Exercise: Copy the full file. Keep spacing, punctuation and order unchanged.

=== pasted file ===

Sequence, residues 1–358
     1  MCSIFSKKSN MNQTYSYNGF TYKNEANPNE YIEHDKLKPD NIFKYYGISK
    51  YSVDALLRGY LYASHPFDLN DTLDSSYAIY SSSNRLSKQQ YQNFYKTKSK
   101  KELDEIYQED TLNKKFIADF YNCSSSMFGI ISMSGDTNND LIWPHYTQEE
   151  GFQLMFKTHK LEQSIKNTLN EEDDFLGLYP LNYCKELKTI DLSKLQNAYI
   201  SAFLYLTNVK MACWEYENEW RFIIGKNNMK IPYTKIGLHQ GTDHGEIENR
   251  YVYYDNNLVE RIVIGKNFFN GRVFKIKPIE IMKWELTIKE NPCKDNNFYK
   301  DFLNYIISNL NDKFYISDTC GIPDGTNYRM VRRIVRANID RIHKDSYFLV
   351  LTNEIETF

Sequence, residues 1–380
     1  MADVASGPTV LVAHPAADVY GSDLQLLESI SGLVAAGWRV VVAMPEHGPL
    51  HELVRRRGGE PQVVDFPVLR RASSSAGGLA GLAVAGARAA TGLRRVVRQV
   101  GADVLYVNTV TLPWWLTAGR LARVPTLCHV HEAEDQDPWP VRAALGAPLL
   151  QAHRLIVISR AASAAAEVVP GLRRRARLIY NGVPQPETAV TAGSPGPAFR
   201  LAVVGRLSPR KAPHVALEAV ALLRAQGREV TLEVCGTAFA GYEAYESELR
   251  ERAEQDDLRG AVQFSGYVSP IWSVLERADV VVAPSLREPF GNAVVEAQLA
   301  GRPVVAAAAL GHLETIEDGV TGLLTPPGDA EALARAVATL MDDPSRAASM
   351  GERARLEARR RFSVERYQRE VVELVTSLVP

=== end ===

Sequence, residues 1–358
     1  MCSIFSKKSN MNQTYSYNGF TYKNEANPNE YIEHDKLKPD NIFKYYGISK
    51  YSVDALLRGY LYASHPFDLN DTLDSSYAIY SSSNRLSKQQ YQNFYKTKSK
   101  KELDEIYQED TLNKKFIADF YNCSSSMFGI ISMSGDTNND LIWPHYTQEE
   151  GFQLMFKTHK LEQSIKNTLN EEDDFLGLYP LNYCKELKTI DLSKLQNAYI
   201  SAFLYLTNVK MACWEYENEW RFIIGKNNMK IPYTKIGLHQ GTDHGEIENR
   251  YVYYDNNLVE RIVIGKNFFN GRVFKIKPIE IMKWELTIKE NPCKDNNFYK
   301  DFLNYIISNL NDKFYISDTC GIPDGTNYRM VRRIVRANID RIHKDSYFLV
   351  LTNEIETF

Sequence, residues 1–380
     1  MADVASGPTV LVAHPAADVY GSDLQLLESI SGLVAAGWRV VVAMPEHGPL
    51  HELVRRRGGE PQVVDFPVLR RASSSAGGLA GLAVAGARAA TGLRRVVRQV
   101  GADVLYVNTV TLPWWLTAGR LARVPTLCHV HEAEDQDPWP VRAALGAPLL
   151  QAHRLIVISR AASAAAEVVP GLRRRARLIY NGVPQPETAV TAGSPGPAFR
   201  LAVVGRLSPR KAPHVALEAV ALLRAQGREV TLEVCGTAFA GYEAYESELR
   251  ERAEQDDLRG AVQFSGYVSP IWSVLERADV VVAPSLREPF GNAVVEAQLA
   301  GRPVVAAAAL GHLETIEDGV TGLLTPPGDA EALARAVATL MDDPSRAASM
   351  GERARLEARR RFSVERYQRE VVELVTSLVP